1. MARK RONSON’S “Version” and VARIOUS-“Bridging the Distance.”

To quote a wise old lady, “Where the beef?” Sure, Lily Allen doing The Kaiser Chief is great, and I think updating Pat Benetar’s “Invincible” is a great idea, too (I have all Pat’s albums—my first rock-gal crush). But soooooo much filler. On the “Distance” collection, there’s simply no excuse to make this a double-album. There’s enough material for one solid disc here, though, which is more than I can say for “Version.” When “Version” is good, it’s a lot of fun (and it is worth buying for the times that it does succeed, by the way). But when it’s lame, it’s Kasabian doing a horn-infused remix of “L.S.F.” How many versions of that song can K release before they officially turn themselves into one-hit wonders?

2. KAISER CHIEFS-Yours Truly, Angry Mob

“Ruby,” the first single, was promising: A chanting, fist-pumping chorus and a postpunk hook a la Franz Ferdinand, even it was almost identical to that Na Na Na Na one they did last time around. But the rest of the album brought absolutely nothing to the table. “I Predict a Riot” was one of the greatest singles of its year, on an overall solid debut. This must be the sophomore slump.


To quote The Clipse: Eghk. Not one great song on the album, and most of it is derivative and unlistenable. And I’m a huge fan of the first five Missy E albums–even “So . . . Addictive”–so you can’t accuse me of just hatin’ for no reason. I admit that I seem to be the only person in the world who didn’t find Sexyback catchy. I mean, Justin has a great voice—so whose genius idea was it to have him sing with distortion, burying his ability in a mix of fuzz??? Oh, wait, it was Timbaland’s idea. Also, I can’t stand that Nelly Furtado single. I think the mighty have fallen.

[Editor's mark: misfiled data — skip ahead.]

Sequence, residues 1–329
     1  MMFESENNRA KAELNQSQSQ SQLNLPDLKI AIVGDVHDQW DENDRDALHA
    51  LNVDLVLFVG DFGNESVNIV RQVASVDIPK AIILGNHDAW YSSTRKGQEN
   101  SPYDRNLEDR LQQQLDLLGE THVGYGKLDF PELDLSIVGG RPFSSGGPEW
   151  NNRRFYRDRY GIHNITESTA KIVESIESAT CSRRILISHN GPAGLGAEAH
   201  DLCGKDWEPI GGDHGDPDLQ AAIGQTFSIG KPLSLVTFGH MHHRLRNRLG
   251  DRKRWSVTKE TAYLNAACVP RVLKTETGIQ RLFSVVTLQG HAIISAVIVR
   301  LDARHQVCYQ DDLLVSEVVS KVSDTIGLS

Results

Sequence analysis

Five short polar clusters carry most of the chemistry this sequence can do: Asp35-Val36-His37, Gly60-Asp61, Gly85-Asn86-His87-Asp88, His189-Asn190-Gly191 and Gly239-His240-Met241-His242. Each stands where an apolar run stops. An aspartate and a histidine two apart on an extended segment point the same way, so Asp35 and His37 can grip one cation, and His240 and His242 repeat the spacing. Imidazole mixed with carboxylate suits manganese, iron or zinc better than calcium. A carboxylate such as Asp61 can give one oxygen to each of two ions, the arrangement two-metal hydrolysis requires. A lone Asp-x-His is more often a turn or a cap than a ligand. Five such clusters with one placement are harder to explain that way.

POTUS’ ratings are lower than whale poop—the lowest in recent history. Real people, more and more of them, are getting hit by the AMT, and there’s no respite in sight. In order to pay for his tax cuts, key Administration officials intentionally misstated their budgetary requirements, some in the neighborhood of a billion dollars, which leads to begging, bowing and scraping before Congress. Career Federal Employees’ morale couldn’t be worse, with politicals forcing agencies to change their fundamental agendae to suit temporary right-wing goals. And all the Republicans throw up is a guy whose opinion flip flops more than Kerry (McCain was against the war before he was for the war before he would have managed the war differently) and a man with mob ties (Guilliani’s solution to what ails the middle class is to repeal an estate tax that affects less than 2% of the country). The next generation is obese and is looking at a world where America is hated, there’s no health care, and there’s no social security. So what great plan do the Dems come up with?



With a pedigree including Verve, The Clash, Fela Kuti, Blur, and the Gorillaz, not to mention production by Dangermouse, I never expected something boring. R.I.P. Gorillaz. You’re sorely missed.